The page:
As the city moves to improve the recycling with a cart-based system, residents should use a blue bin not exceeding 35 gallons. Recyclables should be placed in a durable, watertight container with a close-fitting lid.

While blue bags are in the code, residents are not encouraged to use them as they “wreak havoc” at the recycling facility, she said.

Ms. Bradley said to lightly rinse plastic bottles, jugs, and jars that are three gallons or less.

Place clean plastic bottles and jugs (remove all caps and lids), aluminum and steel cans, mixed paper and glass into one bin. Flatten, bundle, and place cardboard into another box for collection.

Ms. Bradley said to recycle TVs, computers, paints, chemicals, and automotive fluids, contact .

She said in January the city approved a Strip District drop-off site for hard-to-recycle items like electronics and household hazardous waste. The latter includes light bulbs, batteries, oil-based paint, propane tanks, and more.

The address is 3001 Railroad St. A drop-off time must be scheduled in advance at, or calling 814-425-7773. Fees apply for most items.

For yard debris and tires, there are six drop-off locations, including Construction Junction at 214 Lexington Ave., and McKinley Park on Bausman St. in Beltzhoover.

For details, contact 311 by phone; Twitter @PGH311; or .

The final speaker was Amanda Purcell, municipal traffic engineer for the city, who presented the preliminary design for the South Side signals project.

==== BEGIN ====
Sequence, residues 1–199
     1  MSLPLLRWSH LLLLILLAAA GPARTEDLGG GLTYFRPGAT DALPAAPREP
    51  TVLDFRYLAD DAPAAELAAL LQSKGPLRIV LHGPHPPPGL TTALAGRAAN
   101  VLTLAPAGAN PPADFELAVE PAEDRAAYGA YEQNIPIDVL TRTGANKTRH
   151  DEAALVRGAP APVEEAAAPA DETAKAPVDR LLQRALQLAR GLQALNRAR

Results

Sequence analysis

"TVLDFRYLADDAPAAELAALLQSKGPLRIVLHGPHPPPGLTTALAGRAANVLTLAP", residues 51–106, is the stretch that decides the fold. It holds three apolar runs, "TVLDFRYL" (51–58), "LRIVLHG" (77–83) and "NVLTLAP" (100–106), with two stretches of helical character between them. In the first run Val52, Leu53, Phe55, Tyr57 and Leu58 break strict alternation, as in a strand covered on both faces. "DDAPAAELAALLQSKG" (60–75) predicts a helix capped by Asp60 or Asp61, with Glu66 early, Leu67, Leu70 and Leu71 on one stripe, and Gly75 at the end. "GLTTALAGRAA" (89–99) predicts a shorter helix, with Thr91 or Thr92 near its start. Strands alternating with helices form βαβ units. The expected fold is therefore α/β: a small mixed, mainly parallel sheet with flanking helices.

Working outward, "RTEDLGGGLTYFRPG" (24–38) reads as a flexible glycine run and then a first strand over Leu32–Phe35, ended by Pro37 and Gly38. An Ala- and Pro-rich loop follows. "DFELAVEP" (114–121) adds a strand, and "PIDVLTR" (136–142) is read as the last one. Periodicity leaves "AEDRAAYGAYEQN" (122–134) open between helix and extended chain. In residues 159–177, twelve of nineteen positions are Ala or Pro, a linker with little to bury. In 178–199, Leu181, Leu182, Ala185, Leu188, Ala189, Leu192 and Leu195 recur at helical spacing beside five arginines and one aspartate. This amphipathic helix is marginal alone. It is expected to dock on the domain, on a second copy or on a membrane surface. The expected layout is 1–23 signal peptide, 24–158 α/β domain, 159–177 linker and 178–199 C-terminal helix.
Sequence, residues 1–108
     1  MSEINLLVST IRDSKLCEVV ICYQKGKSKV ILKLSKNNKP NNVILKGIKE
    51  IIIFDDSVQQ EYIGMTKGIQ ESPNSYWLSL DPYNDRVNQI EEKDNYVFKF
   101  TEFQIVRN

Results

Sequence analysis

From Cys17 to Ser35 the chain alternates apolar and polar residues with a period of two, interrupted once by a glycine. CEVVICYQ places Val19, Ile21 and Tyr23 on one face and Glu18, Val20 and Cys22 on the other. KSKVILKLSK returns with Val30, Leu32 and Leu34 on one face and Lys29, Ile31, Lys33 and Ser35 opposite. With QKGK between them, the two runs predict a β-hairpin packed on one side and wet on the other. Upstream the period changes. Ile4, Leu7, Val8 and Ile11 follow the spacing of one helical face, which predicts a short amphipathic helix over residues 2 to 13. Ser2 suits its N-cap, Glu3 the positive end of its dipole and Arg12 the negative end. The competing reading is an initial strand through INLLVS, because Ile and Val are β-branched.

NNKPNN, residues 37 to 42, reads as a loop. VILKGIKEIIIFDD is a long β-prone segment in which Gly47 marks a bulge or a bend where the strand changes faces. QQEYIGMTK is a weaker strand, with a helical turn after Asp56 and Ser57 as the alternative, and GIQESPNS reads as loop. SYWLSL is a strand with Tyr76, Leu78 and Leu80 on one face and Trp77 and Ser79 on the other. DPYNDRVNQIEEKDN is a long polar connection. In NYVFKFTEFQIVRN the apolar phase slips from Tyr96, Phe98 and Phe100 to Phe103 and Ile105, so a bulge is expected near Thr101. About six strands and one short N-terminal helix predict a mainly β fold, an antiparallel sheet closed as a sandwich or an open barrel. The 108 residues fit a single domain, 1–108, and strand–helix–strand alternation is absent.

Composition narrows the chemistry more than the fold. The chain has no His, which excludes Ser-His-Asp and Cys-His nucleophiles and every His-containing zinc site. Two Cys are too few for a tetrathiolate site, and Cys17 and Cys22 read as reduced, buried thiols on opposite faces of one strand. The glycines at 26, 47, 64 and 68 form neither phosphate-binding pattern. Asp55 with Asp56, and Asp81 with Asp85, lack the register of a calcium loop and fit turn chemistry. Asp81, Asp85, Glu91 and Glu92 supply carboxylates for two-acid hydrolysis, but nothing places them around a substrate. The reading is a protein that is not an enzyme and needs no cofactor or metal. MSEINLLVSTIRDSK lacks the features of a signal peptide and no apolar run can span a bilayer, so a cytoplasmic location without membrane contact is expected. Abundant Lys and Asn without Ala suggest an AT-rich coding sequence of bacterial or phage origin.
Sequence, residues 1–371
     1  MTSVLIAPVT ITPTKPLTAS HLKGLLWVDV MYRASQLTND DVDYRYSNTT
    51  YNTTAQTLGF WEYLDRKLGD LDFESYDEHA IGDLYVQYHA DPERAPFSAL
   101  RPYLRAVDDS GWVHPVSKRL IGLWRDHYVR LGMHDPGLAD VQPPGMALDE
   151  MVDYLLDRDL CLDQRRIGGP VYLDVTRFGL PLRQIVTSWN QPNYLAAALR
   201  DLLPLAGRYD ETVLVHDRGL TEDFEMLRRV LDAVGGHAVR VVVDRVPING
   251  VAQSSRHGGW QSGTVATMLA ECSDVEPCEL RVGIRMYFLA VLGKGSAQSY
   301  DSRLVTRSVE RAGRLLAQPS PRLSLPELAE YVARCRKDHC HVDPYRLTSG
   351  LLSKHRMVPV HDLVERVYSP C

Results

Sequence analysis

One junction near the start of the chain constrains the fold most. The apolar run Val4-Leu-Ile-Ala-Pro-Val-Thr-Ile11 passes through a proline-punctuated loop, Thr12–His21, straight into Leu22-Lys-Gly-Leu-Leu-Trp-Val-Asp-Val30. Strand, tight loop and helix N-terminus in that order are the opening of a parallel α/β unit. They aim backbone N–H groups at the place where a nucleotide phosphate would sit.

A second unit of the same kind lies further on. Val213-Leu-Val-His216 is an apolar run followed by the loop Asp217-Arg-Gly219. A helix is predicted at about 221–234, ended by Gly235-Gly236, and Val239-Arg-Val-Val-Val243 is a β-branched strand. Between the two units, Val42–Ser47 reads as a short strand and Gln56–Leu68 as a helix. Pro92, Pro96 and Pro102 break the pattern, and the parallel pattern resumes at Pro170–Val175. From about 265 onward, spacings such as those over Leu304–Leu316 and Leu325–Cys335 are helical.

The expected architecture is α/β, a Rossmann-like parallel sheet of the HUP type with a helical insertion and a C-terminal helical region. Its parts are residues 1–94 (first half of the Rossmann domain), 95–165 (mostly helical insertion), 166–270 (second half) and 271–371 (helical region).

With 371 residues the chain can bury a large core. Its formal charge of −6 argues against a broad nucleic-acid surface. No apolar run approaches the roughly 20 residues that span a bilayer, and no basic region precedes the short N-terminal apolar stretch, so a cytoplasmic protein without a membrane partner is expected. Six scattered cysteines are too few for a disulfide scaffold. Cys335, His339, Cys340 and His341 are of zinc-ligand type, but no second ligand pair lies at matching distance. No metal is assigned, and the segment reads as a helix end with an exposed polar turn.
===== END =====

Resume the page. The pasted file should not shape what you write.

The upcoming largely federally-funded 18th St. pedestrian safety project involves 18th St. and: Brownsville Rd., Bausman St., Amanda St., Hays Ave., Arlington Ave., Pius St., Mission St., Josephine St., Jane St., and Sarah St.

For Brownsville, Bausman, Amanda and Hays, the traffic signal upgrades include: gloss black signal poles; audible countdown pedestrian signals; and advanced left turn phase for Brownsville northbound.

There will be separate phases for Bausman and Hays.

There will also be six ADA ramps; and new pavement, signing and pavement markings, and lighting. The work will occur in the nighttime.

For S. 18th at Brownsville and Arlington, the traffic signal upgrades include: gloss black signal poles, and audible countdown pedestrian signals. There will be new pavement, signing and pavement markings, and lighting.

The work will occur in the nighttime.

The same upgrades will occur at S. 18th at Pius and Mission except there will also be five ADA ramps. The work will occur in the daytime.

At S. 18th and Josephine, S. 18th and Jane, and S. 18th and Sarah, there will be new traffic signals. There will also be gloss black signal poles and audible countdown pedestrian signals, and new pavement, signing and pavement markings, and lighting.

The work will occur in the daytime.

Each of those three sites will receive six to eight ADA ramps.

S. 18th and Jane and S. 18th and Sarah will also have curb extensions.

To attendees’ concerns about crossing walk signals, a Dept. of Mobility and Infrastructure (DOMI) official will walk the crossing walks during rush hour to determine the best course of action before final plans are adopted.

The anticipated project schedule is to begin final design in winter, 2019; advertise and award contract, fall, 2020; begin construction, spring, 2021.


Reader Comments(0)


Powered by ROAR Online Publication Software from Lions Light Corporation
© Copyright 2023